Against the Demolition of the American Spirit

The sun sets behind the Lincoln Memorial in Washington, D.C. (Photo by Mladen Antonov/AFP via Getty Images.)

I’m going to start with a “both sides” trigger warning. This newsletter is going to describe a profound problem that is emanating from both left and right—the demolition of the American spirit. It’s a phenomenon that combines the accurate diagnosis of real problems with the fabrication or exaggeration of additional crises to create a profound loss of confidence in (or even contempt for) this nation we love. 

I’ll never forget the first time I encountered Americans who hated America. It was in law school, and when I talked to my more radical classmates I heard their case. America was a racist, colonial power. It began as a slave empire, expanded through conquest and genocide, and then—even as it cast itself as a liberator in the world wars and Cold War—propped up vicious tyrants in the name of liberty.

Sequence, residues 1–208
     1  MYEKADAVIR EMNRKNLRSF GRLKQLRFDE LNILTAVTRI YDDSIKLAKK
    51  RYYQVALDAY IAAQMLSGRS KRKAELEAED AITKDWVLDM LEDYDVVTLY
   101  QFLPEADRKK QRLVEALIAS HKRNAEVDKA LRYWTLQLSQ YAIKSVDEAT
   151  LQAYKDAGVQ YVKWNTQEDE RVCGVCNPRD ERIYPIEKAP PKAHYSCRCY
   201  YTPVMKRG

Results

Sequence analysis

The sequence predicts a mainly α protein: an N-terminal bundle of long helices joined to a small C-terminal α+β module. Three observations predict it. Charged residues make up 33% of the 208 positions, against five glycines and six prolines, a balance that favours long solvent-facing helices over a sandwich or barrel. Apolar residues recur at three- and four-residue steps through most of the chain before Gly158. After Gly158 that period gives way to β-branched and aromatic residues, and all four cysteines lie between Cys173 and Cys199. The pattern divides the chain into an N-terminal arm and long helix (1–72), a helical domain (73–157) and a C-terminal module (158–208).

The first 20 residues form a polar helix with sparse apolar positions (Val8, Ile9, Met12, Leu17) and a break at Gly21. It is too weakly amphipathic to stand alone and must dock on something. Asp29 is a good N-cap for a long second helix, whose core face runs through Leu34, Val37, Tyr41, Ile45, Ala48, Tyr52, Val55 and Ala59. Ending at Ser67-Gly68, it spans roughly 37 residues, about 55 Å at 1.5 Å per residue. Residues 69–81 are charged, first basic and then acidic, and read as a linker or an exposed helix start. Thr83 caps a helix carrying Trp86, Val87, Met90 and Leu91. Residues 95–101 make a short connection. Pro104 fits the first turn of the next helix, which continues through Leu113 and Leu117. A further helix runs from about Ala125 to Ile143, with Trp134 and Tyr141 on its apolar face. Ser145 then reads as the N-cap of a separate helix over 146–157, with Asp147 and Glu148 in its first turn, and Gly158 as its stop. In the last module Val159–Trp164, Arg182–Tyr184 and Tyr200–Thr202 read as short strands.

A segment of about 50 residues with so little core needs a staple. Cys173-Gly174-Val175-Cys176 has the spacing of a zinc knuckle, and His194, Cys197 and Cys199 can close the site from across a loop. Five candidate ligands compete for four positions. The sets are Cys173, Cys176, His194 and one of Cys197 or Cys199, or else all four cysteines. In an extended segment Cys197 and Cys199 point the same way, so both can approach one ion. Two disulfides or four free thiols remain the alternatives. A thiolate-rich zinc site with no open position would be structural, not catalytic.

In this telling, all of the bad aspects of American history were highlighted, amplified, sometimes exaggerated or even fabricated, and then repeated endlessly to create a picture of a nation in whose DNA racism and conquest was inescapably imprinted. The solution to the crisis of America’s past and present was nothing less than revolution—a dismantling of America’s classical liberal founding and its replacement with illiberal structures that used the force of law and government to uproot entrenched power structures and re-order society from the top down.

Do aspects of this story sound familiar? They should. Not long ago the New York Times mainstreamed much of this story with its 1619 Project, a collection of essays that together presented a devastating indictment of American history. Originally, the digital copy of the 1619 project contained the claim that 1619—when African slaves were first brought to American shores—represented the “true founding” of the American nation. That phrase has since been deleted.

You're out of free articles
Create an account to unlock 1 more articles
By signing up with your email, you agree to The Dispatch’s privacy policy and terms and conditions
Already have an account? Sign In
Comments (719)
Join The Dispatch to participate in the comments.
Load More